The Act prevent vexatious litigants from using the Courts as a delaying mechanism to prevent the other party from yielding the fruits of justice. A vacatur is expected to conduct his case in a reasonable time, whilst the arbitration continues.
In Ruby Roz Agricol LLP v The Republic of Kazakhstan – it was held that “the tribunal which had made an award did not have jurisdiction to hear substantive dispute because there was no valid arbitration agreement between the parties under the relevant investment contract.”
Section 68 makes provision for a party in an arbitral proceeding to challenge an arbitral award on the grounds of serious irregularity affecting the tribunal, proceedings or award. Section 68(2) sets out nine grounds of serious irregularity which must result in substantial injustice to the applicant. If the applicant is successful the court may remit the award to the tribunal in whole or in part for reconsideration, set the award aside in whole or in part, or declare the award to be of no effect in whole or in part.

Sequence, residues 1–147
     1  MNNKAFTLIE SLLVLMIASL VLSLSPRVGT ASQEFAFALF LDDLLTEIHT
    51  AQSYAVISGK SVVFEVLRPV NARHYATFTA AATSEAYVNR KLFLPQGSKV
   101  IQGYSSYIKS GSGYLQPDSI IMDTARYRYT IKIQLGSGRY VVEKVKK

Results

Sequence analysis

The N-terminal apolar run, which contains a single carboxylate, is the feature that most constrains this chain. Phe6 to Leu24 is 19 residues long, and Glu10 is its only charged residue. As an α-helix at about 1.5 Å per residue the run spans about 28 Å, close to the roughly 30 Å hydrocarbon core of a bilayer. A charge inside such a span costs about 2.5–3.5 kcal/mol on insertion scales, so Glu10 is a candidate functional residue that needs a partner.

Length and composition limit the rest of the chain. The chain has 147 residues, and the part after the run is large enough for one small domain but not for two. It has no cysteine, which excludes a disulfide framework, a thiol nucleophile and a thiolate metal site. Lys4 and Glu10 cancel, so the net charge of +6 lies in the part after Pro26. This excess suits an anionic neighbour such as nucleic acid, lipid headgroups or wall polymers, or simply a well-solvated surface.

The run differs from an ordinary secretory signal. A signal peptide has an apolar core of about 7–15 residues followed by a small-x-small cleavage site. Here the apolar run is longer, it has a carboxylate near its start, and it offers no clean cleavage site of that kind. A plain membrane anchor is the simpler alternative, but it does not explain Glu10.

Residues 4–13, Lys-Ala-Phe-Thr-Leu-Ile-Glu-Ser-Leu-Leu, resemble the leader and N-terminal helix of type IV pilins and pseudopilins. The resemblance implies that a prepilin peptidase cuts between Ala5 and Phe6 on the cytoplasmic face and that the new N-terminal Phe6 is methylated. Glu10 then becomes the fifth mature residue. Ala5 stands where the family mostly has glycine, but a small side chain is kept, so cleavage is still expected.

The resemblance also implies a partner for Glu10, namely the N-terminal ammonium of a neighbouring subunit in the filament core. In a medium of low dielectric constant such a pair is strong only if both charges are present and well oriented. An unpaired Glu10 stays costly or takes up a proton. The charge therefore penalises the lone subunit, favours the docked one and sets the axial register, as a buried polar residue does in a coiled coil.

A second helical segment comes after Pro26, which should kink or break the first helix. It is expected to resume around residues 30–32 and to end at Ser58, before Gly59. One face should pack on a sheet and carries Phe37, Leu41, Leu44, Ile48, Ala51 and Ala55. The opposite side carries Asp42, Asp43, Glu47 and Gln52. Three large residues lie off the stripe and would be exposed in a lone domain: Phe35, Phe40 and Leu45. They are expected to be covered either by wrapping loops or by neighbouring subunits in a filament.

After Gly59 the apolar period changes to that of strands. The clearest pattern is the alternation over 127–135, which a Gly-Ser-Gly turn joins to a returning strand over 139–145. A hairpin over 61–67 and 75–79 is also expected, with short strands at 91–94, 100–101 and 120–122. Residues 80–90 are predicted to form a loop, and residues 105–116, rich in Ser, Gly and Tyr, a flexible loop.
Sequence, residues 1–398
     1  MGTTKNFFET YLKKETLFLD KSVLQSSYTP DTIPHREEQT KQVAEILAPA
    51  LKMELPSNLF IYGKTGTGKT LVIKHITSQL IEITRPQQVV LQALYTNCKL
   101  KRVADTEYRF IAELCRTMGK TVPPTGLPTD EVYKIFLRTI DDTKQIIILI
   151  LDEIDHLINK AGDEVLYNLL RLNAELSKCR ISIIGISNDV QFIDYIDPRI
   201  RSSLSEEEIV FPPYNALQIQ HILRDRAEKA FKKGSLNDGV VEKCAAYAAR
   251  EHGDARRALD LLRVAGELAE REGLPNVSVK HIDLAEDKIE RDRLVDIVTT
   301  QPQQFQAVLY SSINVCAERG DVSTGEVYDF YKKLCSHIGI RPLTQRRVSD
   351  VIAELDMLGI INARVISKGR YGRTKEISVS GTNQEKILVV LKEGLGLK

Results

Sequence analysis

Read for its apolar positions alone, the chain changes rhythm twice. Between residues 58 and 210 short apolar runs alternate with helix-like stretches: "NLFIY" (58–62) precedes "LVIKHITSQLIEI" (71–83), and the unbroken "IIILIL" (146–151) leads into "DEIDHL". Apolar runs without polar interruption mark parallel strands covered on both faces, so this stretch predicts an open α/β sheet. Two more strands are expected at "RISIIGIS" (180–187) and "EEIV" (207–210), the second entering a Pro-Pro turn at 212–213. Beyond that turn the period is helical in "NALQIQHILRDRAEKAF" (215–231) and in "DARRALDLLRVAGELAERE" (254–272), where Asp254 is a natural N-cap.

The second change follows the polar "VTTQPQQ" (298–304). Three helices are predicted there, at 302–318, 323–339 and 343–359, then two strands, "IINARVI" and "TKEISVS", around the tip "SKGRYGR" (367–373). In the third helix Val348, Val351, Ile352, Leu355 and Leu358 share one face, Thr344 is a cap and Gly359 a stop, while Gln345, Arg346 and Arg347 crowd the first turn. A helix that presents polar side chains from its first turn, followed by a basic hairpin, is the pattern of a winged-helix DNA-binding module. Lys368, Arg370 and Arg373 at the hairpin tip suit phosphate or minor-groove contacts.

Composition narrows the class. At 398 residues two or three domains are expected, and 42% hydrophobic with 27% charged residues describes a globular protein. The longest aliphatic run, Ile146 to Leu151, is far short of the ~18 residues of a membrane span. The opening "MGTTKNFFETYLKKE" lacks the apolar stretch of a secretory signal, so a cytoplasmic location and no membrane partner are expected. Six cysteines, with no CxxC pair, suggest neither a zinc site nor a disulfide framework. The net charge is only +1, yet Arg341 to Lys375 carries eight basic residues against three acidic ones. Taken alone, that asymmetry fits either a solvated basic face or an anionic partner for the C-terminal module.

In Symbion Power LLC v Venco Imtiaz Construction Company -the Court considered an application under section 68(2) (d) of the Arbitration Act of 1996. The Claimant alleges serious irregularity in the award of an arbitral tribunal because the tribunal failed to deal with all issues that were put before it.
The Court held that “there is a strong public interest in the publication of judgements concerning arbitrations because of the public interest in securing the appropriate standards in the conduct of arbitrations to be weighed against the party’s legitimate expectations that arbitrations are confidential.”
Another case in point illustrating substantial irregularity is Van der Giessen De-Noord v Imtech – a case concerning an electrical contract in which the arbitration hearing was highly complex hearing and substantial plea of evidence. The Court held that “the claimant had suffered substantial injustice because of the high interest rate which did not include a waiver, estoppel or defence.”
A vacatur can appeal an award on a question of law arising out of section 67 and 68 of the Act, or the provision in the arbitration agreement or by adopting a set of rules of the International Court of Arbitration or the London Court of International Arbitration which explicitly exclude any right of appeal.